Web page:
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Last edited: December 29, 2011

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  • Indicators are signposts of change which help to understand where an initiative is going and how far it is from achieving its objectives. For example, if an objective of an initiative is reduced tolerance of gender-based violence by police in a particular district, an indicator to measure progress might include: the number of reported cases of rape properly recorded by police per year in the particular district. Data collected on this indicator would include the number of cases of rape reported and documented annually at the start of the programme (baseline) and the number of rape cases reported and documented annually at the end of the programme (end line).

  • When designing initiatives, it is important to distinguish between indicators and targets (which are the change(s) that a programme seeks to achieve, usually expressed with reference to the situation at the programme onset or baseline. Indicators do not automatically need to be linked to specific targets and in some cases, it may not be appropriate for a programme to set a specific target during programme design (e.g. if further information needs to be gathered, such as baseline data, or if it is not feasible to set a specific target until the programme has begun implementation). In such circumstances, it is possible to identify the indicator, and possibly also a direction of change (e.g. increase in number of cases reported, greater survivor satisfaction with police response), without setting precise targets.

  • Steps to define and develop good indicators and targets for security sector initiatives to improve violence prevention and response include: (adapted from Measure Evaluation, 2008):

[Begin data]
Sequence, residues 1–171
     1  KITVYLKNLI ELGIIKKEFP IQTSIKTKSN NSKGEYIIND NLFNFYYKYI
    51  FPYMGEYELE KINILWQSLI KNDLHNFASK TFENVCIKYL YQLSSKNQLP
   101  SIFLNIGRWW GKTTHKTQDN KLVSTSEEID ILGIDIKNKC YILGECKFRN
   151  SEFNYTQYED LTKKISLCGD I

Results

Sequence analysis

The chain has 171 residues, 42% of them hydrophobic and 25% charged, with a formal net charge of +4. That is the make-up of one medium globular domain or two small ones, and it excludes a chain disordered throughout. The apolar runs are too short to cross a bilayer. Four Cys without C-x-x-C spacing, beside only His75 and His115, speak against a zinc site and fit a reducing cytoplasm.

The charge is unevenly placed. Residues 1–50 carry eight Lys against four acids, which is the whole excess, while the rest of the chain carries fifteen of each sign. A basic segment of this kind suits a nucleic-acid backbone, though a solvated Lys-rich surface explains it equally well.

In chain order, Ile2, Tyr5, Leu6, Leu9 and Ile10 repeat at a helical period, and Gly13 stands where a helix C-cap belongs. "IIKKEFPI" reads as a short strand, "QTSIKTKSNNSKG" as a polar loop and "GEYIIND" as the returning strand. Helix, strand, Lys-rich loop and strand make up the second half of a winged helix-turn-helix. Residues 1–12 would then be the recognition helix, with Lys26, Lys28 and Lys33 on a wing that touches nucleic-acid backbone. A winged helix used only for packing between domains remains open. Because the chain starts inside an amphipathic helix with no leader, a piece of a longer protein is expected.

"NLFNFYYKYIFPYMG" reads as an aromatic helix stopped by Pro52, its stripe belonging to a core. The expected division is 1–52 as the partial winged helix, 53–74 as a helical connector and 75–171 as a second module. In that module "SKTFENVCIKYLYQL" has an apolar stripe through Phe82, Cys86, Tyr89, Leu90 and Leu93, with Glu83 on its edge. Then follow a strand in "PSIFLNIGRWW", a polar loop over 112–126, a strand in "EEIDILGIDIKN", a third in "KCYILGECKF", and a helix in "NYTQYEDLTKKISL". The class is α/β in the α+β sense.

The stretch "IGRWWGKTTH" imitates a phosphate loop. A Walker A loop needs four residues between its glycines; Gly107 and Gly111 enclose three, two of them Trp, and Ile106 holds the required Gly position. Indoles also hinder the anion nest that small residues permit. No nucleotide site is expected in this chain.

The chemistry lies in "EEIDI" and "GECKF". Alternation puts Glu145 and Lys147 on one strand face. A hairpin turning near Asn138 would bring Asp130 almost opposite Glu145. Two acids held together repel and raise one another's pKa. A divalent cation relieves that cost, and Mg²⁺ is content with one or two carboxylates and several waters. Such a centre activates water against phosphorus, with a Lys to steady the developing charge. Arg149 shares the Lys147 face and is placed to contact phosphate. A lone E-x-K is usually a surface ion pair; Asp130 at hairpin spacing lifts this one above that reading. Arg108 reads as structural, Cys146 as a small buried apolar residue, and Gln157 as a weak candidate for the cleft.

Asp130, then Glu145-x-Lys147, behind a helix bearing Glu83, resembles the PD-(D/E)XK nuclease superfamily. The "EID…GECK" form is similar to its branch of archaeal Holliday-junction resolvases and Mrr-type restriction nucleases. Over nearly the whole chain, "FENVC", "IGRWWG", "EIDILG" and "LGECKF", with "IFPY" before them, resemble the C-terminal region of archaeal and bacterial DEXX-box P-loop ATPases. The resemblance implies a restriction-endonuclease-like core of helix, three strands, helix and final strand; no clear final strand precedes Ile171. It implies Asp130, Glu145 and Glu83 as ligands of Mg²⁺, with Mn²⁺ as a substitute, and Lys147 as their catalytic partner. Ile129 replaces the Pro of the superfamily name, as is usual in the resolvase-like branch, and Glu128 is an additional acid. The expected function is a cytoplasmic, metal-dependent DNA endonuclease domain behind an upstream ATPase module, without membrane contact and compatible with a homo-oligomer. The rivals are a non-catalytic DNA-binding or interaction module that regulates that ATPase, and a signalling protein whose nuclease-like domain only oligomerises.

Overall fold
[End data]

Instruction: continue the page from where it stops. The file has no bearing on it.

• Select an appropriate indicator (using existing resources and examples, or creating new ones as relevant).

    • Decide on what should be measured (e.g. total number of police stations surveyed, number of trained police officers and knowledge gained) and how it will be disaggregated (e.g. region, number of female police officers).

    • Decide how the indicator will be measured and the tools required (e.g. police records on incidents of violence against women and girls; surveys on police knowledge, attitudes and practices).

    • Consider any further issues which will affect the ability to collect and analyze data (confidentiality of files, missing records, etc.).


Indicator Definition and Development: Proportion of law enforcement units following a nationally established protocol for VAW/G complaints  

Indicator: Proportion of law enforcement units following a nationally established protocol for VAW/G complaints

Definition: The proportion of law enforcement units that adhere to nationally established protocols pertaining to the management of VAW/G complaints.

Numerator: Number of law enforcement units in a region or country that follow a nationally established VAW/G protocol when handling complaints. If there is no national protocol pertaining to the management of VAW/G cases, this indicator cannot be measured. The protocol should cover the following areas:

  • How and where VAW/G survivors should be interviewed

  • How confidentiality is ensured

  • Type of investigation and follow-up that should take place following a report

  • How women and girls are protected following a complaint

Denominator: Total number of law enforcement units surveyed